Ordinarily, photographing the Cuban military is prohibited, and just might land you and/or your camera in a Cuban military hoosegow. But Primero de Mayo (May 1) is Cuba’s version of Labor Day, and there’s a huge parade/march through Revolution Square in Havana with lots of military groups. Apparently, all bets were off on that no-photography rule during the parade.
Last week, I made my second trip to Cuba. A happy coincidence of timing put me right in the middle – literally — of the May Day parade. The whole thing is fully orchestrated, with (according to press reports) about 400 thousand marchers and with Castro’s government handing out the various flags and banners each group of workers will carry. It is a spectacle. The crowd paraded right through Revolution Square, past El Presidente Raul Castro, who succeeded his brother Fidel as leader of Cuba in 2008.
We arrived at dawn – jumping out of our cabs near the back of the parade staging area. I wandered right into the middle of the crowd of flag-bearing young people, then headed off to see if I could photograph the uniformed military personnel. Soon the throng started to move while I was in the middle taking some pictures, so I moved with it. I wasn’t completely sure if it was still “staging” or if the march had officially begun, because there were almost no spectators. Then I saw we were approaching Revolution Square, the site of the big Jose Marti Monument (Cuba’s ugly, creepy version of the Washington Monument). At that point it was clear that I was “in” the parade. Physically within, at least. I was in the fat middle of the military marchers as they chanted their way past the Monument, with President Castro looking on from the viewing stand.
Thousands of Cuban soldiers participated. Cuba has a mandatory military service requirement, so there are lots of 19ish-year-olds (male and female) in some form of “military” service. You do not get the feeling they are fierce warriors (though surely Cuba has some somewhere). I got no sense that they were unhappy about being “forced” to be there; nor did I get any sense of deep fervor or passionate ideological support of the regime. You just got the feeling they were a bunch of strangely-dressed teenagers looking to hook up on a Spring Break in Havana, chanting prescribed political slogans with about the level of intensity and sincerity a casual fan might show for his local college football team.
At one point I was walking backward, taking pictures of a group of 100 or so young soldiers walking along behind me. They got so preoccupied with following and “posing” for me (lots of flag-waving and thumbs-upping), they failed to hear (or to comply with) their commander’s instruction ordering them to stop. Happily, he was a good sport — especially when I rushed over to take several shots of him, to make sure he was in on the fun.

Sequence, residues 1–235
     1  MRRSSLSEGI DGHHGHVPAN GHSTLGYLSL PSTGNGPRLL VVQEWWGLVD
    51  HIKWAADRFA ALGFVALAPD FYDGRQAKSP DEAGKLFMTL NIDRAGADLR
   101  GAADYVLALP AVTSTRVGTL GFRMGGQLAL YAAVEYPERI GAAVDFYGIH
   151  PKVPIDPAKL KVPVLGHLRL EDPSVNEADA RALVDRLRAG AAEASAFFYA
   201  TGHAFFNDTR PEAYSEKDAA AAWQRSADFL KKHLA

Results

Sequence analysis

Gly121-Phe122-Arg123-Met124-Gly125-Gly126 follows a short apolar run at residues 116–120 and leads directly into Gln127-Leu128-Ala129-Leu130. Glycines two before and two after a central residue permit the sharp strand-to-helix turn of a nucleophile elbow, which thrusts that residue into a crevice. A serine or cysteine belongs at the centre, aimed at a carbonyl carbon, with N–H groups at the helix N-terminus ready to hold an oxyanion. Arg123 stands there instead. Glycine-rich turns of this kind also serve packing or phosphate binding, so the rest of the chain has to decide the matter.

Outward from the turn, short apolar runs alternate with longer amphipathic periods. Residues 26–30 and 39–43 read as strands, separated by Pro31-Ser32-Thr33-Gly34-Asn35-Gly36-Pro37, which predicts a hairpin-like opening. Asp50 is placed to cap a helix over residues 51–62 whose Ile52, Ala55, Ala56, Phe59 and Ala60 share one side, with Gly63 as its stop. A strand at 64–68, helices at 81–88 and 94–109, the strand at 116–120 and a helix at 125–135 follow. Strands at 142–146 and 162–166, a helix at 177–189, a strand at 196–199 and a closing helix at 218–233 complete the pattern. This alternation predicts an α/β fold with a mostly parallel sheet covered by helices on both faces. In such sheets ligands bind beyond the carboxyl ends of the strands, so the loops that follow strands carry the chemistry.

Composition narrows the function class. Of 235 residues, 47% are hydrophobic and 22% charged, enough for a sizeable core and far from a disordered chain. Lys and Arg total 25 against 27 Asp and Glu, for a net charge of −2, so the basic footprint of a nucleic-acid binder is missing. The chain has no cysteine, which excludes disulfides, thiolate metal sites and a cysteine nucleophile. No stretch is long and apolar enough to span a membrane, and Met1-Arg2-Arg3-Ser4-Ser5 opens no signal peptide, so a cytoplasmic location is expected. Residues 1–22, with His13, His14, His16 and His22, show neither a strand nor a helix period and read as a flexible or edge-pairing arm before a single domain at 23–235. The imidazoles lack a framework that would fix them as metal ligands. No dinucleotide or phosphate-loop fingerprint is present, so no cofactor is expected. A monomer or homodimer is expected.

Cuba’s economy is very dependent on Venezuela, with whom Cuba has a doctors-for-oil exchange program that supplies Venezuela with semi-indentured Cuban healthcare workers, and supplies Cuba with at least a faint economic heartbeat. Venezuela’s Hugo Chavez died recently and Cubans seem worried that their support from Venezuela may be in jeopardy. Thus a major theme of the parade was solidarity with Venezuela. Signs, large and small, pictured Chavez and labeled him “Our Best Friend” (that’s Communist for “BFF”), which seemed a little odd since he’s dead and all.
Last year when I went to Revolution Square, the military guards barely let me walk around and take pictures at all, so being “allowed” in the middle of the parade as it went past Castro was unexpected to say the least. I carried two very professional-looking cameras, so they all seemed to assume I was a press photographer (which is ironic, because I spoke to an actual press photographer, and he did not have the same degree of freedom to move through the parade). At one point, I was asked (in very good English) what newspaper I was with. I blurted out (truthfully but nonsensically), “Soy de Houston! Tejas!” — as if I could fluently speak neither English nor Spanish. I gave a goofy thumbs-up and headed off to get lost in the crowd again.
I’m one of the last people on earth you’d ever expect to find at – much less “in” — a Communist-organized march extolling the virtues of socialist labor. But put a camera in my hand and a documentary mission in my head, and I’ll go almost anywhere. This was one of the craziest experiences of my life – and that’s saying something.